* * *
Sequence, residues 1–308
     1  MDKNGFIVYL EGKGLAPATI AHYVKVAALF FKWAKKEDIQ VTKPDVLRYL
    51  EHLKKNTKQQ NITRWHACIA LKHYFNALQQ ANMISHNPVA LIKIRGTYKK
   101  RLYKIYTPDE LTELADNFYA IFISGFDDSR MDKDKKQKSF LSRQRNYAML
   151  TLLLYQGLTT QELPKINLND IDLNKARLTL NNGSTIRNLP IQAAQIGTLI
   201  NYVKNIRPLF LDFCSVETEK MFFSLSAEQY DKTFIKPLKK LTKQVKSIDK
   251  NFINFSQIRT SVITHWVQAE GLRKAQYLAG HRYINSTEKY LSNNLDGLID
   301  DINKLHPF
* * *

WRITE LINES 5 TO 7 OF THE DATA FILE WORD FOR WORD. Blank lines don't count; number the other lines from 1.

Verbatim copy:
   151  TLLLYQGLTT QELPKINLND IDLNKARLTL NNGSTIRNLP IQAAQIGTLI
   201  NYVKNIRPLF LDFCSVETEK MFFSLSAEQY DKTFIKPLKK LTKQVKSIDK
   251  NFINFSQIRT SVITHWVQAE GLRKAQYLAG HRYINSTEKY LSNNLDGLID